Islam in RE#2 & Norwich High School for Girls#4

A combined description of last weeks event at University of East Anglia and Norwich High School for Girls Stage 3: Present oral summary in teams – continued from previous post.

Due to the overlap between these two superficially very different events (one aimed at experienced teachers, the other at Year 10 students, one about the Syrian crisis, the other about teaching Islam  in UK schools), I decided to write about them in same post to demonstrate how vastly different outcomes may be achieved using the same Cooperative Learning Interaction Patterns (CLIPs).

Therefore this post is relevant not only to participants of “Islam in RE…”, but to readers following the lesson plan outline of the Norwich High School for Girls Connected Curriculum workshop. New readers will gain a lot from these three related posts.

“fun”, “never boring, different,” “unusual,” “imaginative”

– workshop participants, Norwich High School for Girls

In Module A of “Islam in RE: Religious Literacy & Controversy through Enquiry” we promised to demonstrate a series of fully transferable and scalable enquiry exercises into a world religion and according to the assessment done at the end – using a Cooperative Learning technique “Simultaneous Write-Round” – this was a success according to all participants.

After  introducing some of the pedagogical rationale behind Cooperative Learning, introducing the concept of CLIPs and the ideal setup of teams, we went in head first:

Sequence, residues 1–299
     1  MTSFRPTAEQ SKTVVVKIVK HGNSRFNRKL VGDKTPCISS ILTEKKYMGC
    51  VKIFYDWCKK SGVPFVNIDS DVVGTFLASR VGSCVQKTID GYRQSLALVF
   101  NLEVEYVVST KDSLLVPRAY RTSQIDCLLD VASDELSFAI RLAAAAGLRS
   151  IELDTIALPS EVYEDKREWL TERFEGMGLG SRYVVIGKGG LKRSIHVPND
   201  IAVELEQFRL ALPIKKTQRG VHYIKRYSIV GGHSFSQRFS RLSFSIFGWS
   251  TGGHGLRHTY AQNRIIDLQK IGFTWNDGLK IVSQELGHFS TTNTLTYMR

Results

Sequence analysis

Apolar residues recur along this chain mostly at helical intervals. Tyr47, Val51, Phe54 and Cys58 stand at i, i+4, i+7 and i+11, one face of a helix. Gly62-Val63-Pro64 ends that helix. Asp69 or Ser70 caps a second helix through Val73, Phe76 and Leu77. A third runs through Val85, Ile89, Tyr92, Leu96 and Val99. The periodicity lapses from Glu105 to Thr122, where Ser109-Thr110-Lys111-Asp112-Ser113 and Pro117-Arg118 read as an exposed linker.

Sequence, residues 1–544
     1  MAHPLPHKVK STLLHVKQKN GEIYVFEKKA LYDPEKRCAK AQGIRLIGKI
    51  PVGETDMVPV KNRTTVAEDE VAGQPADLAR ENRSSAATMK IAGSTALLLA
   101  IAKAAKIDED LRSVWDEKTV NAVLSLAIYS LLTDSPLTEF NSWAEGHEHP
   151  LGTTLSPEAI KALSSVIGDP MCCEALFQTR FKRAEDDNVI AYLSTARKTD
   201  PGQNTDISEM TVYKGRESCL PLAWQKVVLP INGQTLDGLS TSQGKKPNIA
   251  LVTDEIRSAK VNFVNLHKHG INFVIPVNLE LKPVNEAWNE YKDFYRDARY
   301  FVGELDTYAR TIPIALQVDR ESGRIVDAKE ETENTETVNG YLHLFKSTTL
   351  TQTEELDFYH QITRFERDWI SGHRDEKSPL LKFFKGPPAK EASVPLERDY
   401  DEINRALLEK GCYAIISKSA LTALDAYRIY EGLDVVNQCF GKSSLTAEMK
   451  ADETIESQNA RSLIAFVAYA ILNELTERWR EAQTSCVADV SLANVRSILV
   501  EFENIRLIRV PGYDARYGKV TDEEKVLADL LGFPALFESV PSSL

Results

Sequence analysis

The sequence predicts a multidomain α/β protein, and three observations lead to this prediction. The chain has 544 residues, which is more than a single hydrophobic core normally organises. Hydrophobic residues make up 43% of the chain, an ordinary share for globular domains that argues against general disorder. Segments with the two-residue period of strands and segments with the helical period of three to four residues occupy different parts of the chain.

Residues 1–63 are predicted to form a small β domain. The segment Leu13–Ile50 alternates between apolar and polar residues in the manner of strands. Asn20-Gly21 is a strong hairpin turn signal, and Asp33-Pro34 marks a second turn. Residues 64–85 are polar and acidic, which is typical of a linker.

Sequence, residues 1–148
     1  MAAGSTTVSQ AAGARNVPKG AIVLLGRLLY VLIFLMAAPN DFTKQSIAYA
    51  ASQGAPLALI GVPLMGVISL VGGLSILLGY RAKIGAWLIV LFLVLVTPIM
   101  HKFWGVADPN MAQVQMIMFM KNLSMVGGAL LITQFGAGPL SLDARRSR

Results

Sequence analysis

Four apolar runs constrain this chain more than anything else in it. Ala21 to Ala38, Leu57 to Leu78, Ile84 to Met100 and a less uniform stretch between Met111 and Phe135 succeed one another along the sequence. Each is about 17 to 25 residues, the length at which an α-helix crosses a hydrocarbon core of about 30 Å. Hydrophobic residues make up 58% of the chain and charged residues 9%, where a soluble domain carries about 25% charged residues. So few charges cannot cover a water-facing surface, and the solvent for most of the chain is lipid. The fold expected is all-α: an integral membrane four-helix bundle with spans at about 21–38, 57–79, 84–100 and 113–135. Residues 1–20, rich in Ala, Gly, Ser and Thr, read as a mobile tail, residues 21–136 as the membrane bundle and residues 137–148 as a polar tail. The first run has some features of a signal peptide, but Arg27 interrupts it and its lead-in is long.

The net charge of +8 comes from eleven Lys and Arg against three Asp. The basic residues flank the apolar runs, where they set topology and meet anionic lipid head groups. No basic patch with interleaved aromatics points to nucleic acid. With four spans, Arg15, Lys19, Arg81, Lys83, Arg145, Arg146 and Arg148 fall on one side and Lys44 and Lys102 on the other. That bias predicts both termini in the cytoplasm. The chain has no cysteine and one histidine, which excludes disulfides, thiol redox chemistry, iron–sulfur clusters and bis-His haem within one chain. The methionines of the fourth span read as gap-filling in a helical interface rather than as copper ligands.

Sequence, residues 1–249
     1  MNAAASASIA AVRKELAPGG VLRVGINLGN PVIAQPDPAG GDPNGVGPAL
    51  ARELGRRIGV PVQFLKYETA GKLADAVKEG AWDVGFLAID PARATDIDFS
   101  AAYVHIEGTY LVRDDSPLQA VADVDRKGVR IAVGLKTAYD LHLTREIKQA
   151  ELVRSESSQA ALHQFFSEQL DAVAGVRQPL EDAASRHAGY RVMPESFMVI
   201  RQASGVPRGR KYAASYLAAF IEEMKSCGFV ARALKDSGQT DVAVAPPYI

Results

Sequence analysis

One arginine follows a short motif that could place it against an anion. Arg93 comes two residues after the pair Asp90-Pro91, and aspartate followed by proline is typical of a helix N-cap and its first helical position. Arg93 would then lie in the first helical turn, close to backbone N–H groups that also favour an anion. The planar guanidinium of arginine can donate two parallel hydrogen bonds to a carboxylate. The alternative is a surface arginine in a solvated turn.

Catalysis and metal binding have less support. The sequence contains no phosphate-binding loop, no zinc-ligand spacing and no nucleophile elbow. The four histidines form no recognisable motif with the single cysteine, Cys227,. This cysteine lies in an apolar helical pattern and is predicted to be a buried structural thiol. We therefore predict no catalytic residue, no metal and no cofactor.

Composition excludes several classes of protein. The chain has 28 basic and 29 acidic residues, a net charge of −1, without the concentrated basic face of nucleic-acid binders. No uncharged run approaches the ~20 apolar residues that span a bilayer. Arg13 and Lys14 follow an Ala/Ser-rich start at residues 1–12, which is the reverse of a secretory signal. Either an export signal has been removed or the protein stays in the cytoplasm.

Literacy and working with texts in the Cooperative Learning classroom

In spite of the inroads made by visual media, written text remains the main medium of transmission of complex data. This copious amount of reading material often come across to students as boring and difficult and  demand a host of key ancillary skills; scanning, skimming, gist-reading, note-taking, differentiating the importance of points and their interrelation, as well as identifying indications of key content in images, captions, graphs, etc. All of which are key skills at universities and most careers to a greater and lesser extent.

“…Cooperative Learning is useful in any situations, even at the workplace” 

Mika Okamura, PGCE, School of Education and Lifelong Learning,
University of East Anglia, after “Islam in RE: Religious Literacy & Controversy through Enquiry”
After  introducing some of the pedagogical rationale behind Cooperative Learning, introducing the concept o

See the chapter Cooperative Learning and the sticky matter of differentiation on handling varied levels of literacy in the classroom.


Now where was I?

Achieving focus

Unlike the similar exercise at  Norwich High School for Girls, which allowed students to independently structure  a very personal mental framework, the aim of “Islam in RE…” was proper religious literacy, which means students must be made to focus on specific things and spot their interrelation as seen through the eyes of the adherents of the religion, rather than their own.

To achieve this for Islam in RE…, I first passed around the Hadith of Gabriel which breaks down Islam into the three distinct areas of action, belief and spiritual awareness of the Divine, and asked each team to discover and identify these areas in a Think-Pair-Share, summing up in open class at the end to check the correct understanding had been arrived at. Note the usefulness of the first stage of Think-Pair-Share in relation to promoting reading skills as well as higher level thinking.